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Jupiter's moons through binoculars


SpaceBug
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Hi :smiley:. A few days ago I went out with a pair of 10x50 binoculars for some stargazing. I've read on several forums and articles that you are easily able to see Jupiter's four largest moons through binoculars. However, when I looked at Jupiter, at first I was not able to make out any moons at all. I tried to use averted vision and I was able to see only one faint dot that I suspect was a moon. A bit earlier, I also looked at Venus, as I had read that you could see the crescent shape of the planet with binoculars. But no shape was visible and all I could see was a bright point of light :sad:.

I suspect that perhaps my binos are out of focus or something? But that would be weird, since I can see the moon very crisp and clear. Or could it be light pollution, since I live in a fairly polluted area (Bortle 6 or 7)?

Thanks!

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Should be easy enough to see, can vary from 2 to 4 as some hide behind Jupiter.

They are not overly bright but visible, I use 8x42's and can see them as small bright points, also usually looked at from the front door in the town I live at. So also have light pollution to contend with.

Best I can think is there was some high thin cloud or mist that was just sufficent to lose the light from the moons.

I suppose there is the slight chance that you had the moons either in front of or behind Jupiter so they just were not visible at that time but I think that the chances of that are small.

Never seen much of Venus other then a bright blob. Would really not have expected detail down to cresent level. Also it is low and the atmosphere could easily make decent viewing difficult.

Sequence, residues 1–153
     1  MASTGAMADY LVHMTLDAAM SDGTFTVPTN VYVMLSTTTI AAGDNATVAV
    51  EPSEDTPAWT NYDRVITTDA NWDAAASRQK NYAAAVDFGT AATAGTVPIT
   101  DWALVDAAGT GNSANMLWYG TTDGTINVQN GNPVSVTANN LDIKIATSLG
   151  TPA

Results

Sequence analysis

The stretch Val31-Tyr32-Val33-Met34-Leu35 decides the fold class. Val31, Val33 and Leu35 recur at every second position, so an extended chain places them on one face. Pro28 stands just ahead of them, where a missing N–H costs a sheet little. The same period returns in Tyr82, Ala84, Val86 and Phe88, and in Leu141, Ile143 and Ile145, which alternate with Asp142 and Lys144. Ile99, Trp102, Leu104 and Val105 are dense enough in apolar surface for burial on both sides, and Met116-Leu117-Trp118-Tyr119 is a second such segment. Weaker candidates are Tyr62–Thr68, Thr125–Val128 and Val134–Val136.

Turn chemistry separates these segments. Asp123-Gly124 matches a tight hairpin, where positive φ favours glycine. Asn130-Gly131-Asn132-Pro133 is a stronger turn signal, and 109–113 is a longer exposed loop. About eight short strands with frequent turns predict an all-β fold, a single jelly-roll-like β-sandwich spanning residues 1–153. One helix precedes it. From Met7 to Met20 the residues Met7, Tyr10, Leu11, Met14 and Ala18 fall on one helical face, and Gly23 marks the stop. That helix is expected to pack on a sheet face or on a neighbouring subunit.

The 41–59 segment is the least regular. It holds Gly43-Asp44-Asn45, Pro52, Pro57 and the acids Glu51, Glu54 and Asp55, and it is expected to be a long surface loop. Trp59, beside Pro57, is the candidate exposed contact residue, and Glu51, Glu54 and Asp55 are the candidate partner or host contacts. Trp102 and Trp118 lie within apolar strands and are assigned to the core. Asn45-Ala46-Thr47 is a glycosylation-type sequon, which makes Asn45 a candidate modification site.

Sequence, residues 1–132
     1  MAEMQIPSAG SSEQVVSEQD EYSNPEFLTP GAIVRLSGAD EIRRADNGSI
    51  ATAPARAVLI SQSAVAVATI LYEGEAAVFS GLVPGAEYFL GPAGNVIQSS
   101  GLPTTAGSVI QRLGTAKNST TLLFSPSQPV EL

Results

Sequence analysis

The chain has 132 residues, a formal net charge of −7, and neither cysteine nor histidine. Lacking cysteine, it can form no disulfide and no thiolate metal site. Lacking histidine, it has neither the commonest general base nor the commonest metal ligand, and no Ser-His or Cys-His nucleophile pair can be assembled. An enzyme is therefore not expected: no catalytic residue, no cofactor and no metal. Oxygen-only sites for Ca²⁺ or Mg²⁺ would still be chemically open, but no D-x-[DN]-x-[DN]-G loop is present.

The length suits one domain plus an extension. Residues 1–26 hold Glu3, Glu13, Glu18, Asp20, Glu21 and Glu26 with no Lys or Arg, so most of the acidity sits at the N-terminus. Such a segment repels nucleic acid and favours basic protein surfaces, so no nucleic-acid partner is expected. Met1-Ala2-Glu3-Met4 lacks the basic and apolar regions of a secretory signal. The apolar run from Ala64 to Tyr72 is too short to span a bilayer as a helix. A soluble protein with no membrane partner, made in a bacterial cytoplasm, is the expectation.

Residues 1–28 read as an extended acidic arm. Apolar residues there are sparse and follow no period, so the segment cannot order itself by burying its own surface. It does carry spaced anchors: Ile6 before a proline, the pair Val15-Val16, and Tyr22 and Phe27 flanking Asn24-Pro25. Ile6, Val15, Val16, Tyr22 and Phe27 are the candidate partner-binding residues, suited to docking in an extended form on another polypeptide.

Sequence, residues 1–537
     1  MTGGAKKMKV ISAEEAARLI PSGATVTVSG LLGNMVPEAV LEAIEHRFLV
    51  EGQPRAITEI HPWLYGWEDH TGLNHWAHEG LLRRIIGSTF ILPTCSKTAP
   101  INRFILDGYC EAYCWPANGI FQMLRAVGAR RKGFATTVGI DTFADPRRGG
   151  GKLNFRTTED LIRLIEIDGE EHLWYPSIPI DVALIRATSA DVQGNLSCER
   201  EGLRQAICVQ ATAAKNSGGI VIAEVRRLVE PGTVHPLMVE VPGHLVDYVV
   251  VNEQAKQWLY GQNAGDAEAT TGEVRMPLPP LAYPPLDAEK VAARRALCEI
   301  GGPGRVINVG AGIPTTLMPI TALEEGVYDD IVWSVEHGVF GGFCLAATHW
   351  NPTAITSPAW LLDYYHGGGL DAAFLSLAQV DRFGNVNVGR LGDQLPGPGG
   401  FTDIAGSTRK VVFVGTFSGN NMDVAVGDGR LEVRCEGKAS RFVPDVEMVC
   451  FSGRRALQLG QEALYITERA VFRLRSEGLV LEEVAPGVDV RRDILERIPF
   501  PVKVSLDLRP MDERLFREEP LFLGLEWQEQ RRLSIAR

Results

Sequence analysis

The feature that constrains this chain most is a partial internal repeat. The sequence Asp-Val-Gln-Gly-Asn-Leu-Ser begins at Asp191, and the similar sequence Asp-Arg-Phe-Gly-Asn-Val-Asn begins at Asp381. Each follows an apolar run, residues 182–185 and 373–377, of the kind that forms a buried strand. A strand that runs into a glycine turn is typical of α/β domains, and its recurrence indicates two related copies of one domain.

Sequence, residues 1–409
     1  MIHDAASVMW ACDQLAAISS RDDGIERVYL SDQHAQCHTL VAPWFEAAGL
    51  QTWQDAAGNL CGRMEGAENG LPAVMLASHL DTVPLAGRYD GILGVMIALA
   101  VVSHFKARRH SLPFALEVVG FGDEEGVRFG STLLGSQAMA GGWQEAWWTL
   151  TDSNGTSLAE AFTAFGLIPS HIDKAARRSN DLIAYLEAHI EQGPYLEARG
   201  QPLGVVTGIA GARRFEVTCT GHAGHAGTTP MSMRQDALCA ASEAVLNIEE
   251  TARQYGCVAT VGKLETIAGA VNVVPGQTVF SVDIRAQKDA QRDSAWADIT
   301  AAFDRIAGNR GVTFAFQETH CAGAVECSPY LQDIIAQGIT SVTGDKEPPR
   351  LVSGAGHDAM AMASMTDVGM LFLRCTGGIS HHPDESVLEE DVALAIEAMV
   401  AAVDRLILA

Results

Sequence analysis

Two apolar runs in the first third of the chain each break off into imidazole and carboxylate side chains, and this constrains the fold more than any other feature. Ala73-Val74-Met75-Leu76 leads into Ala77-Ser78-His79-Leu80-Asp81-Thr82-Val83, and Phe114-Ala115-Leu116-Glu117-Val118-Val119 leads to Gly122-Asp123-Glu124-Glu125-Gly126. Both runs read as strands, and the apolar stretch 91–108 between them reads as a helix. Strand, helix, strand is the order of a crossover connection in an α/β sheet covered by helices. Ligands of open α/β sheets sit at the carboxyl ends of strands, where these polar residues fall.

Which night were you looking at Jupiter and the time, just thinking there must be something to show the positions of the moons and just maybe they were in line with Jupiter, either in front or behind.

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Hi. I have a pair of cheap 8x60's and I can see the 4 moons with my binoculars. I think it will depend on seeing as well as light pollution because I have found that I can't always see them. It helps to hold the binos steady by leaning against a wall as the moons are very small points of light with such small magnification.

Michael

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You need good binoculars to see Venus as a crescent, average ones won't show it crisply enough.

As for not seeing Jupiter's moons, they appear quite close in at 10x. Anything to steady the binoculars helps, whether it's a tripod, an upturned broom, or just a better holding technique. If they're actually too dim to see, I'd check the following in order:

The binocular coatings. Faint blues or greens are fine. Intense reds or oranges are bad, they cut out a lot of light.

The binocular exit pupils. Point the binoculars at a well-lit surface and hold them at arms length. Circles of light over the eyepieces are good. Cats-eye shapes are bad, that means the prisms are misaligned, again losing light.

The sky. Thin cloud will make stuff look dimmer.

The binocular objectives when you're using them. Dew will make stuff look dimmer.

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You need good binoculars to see Venus as a crescent, average ones won't show it crisply enough.

As for not seeing Jupiter's moons, they appear quite close in at 10x. Anything to steady the binoculars helps, whether it's a tripod, an upturned broom, or just a better holding technique. If they're actually too dim to see, I'd check the following in order: